Banning Snapchat won't stop students sexting - and that isn't all we use the app for, anyway

Pupils at Eton will be intelligent enough to find another way to send saucy snaps

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The Independent Online

Eton College, the 573-year-old blue-blooded public school, has banned Snapchat from its lofty spires, and something tells me it will lose this particular battle with the 21st century.

For those at the back, Snapchat is rapidly growing picture and video messaging app which self-deletes content up to ten seconds after being viewed, and on which 400 million pictures are sent every day.

Evan Spiegel, the 23-year-old founder of Snapchat, said last year that a quarter of UK smartphones had the app, which equates to up to seven million British users. Eton also announced last year that it would collaborate with a group of London technology start-ups and that in twenty years’ time technology “in [the] school will be dramatically different”, so the decision to ban the app jars heavily with this ethos. (Did someone say “Eton mess”?)

The school’s headmaster Tony Little told the Telegraph that Snapchat “is blocked from the Eton wireless internet system”, but added that its pupils “can still use it via the 3G phone network, but we hope that blocking it on our network will, at least, make them think twice. This is part of our continuing effort to educate boys in the sensible use of technology.”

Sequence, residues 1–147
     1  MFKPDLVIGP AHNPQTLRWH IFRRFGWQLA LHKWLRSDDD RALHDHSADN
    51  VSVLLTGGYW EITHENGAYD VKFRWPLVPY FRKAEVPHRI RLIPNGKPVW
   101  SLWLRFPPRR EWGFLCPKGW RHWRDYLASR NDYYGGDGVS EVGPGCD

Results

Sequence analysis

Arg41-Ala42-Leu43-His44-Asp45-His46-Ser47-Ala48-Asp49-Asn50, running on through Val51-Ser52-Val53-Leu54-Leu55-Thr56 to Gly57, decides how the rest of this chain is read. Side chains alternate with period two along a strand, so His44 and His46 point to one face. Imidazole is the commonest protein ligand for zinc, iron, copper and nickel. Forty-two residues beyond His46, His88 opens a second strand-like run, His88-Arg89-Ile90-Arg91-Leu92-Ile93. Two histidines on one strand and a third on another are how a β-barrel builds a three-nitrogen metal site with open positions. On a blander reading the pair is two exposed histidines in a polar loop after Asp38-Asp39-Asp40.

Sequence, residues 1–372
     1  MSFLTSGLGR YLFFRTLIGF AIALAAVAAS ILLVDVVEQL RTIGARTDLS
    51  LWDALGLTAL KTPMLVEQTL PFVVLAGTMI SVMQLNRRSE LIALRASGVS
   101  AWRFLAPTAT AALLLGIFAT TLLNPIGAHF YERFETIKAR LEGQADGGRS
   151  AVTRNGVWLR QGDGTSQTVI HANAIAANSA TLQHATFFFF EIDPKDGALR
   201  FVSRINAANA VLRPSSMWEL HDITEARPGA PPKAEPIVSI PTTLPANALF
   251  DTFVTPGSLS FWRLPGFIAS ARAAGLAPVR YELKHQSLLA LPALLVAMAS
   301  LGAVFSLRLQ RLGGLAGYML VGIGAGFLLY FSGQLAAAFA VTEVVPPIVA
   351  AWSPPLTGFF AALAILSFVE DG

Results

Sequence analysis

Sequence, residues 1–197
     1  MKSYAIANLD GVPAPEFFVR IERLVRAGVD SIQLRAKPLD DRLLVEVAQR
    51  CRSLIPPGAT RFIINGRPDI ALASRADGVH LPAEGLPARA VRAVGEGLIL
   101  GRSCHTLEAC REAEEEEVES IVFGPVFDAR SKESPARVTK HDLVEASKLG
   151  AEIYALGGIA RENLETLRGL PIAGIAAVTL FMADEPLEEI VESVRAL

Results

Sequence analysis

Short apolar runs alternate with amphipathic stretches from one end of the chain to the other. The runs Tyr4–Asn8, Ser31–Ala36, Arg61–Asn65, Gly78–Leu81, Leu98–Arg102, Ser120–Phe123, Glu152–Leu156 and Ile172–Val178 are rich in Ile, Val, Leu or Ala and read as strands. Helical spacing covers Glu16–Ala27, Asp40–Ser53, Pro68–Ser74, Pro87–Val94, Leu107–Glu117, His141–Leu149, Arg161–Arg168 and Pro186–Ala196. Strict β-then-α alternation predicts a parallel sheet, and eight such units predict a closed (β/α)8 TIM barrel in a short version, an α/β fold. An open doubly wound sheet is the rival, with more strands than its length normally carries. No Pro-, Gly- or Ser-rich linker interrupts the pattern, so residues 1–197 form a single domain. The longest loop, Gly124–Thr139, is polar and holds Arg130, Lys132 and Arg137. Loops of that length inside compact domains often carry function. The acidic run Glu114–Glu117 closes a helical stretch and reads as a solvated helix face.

Eton has also previously said it doesn’t want to be the “last dinosaur standing” when it comes to technology, but it’s a pretty antediluvian method of education to try and ban something while simultaneously allowing it. Blocking Snapchat on wireless while allowing it to be accessed on 3G is about as effective as a blindfold in a blackout, and similarly myopic.

Banning it won’t work, because pupils of the most exclusive school in the country will most certainly be intelligent enough to find a way of sending and receiving saucy snaps.

I’d guess that the college’s noble virtues are very much out of mind when pubescent boarding-school boys are feeling salacious, and regardless of whether they’re in tailcoats and starched collars or trackies and trainers, horny teenage boys will always be horny teenage boys.

However, the hysteria of the over-sexualisation of young people that predictably accompanies new technology – not least that of “Snapchat sexting” - is once again unfounded. We Kids Today simply don’t use Snapchat for sexting. We use it for exchanging gloriously immature pictures of face gurning, inane objects doodled with ridiculous captions and the classic Selfie on the Toilet.

Anyway, someone should inform Mr. Little that the whole debate is theoretical; the “self-destruct in ten seconds” thing is a complete myth. Everyone who uses Snapchat knows it has a capture function which allows users to screen shot any image they receive, saving the picture and therefore rendering Snapchat “sexting” as risky as any other tit-shots sent via text. Forgive the less-than-Etonesque expression, but: duh.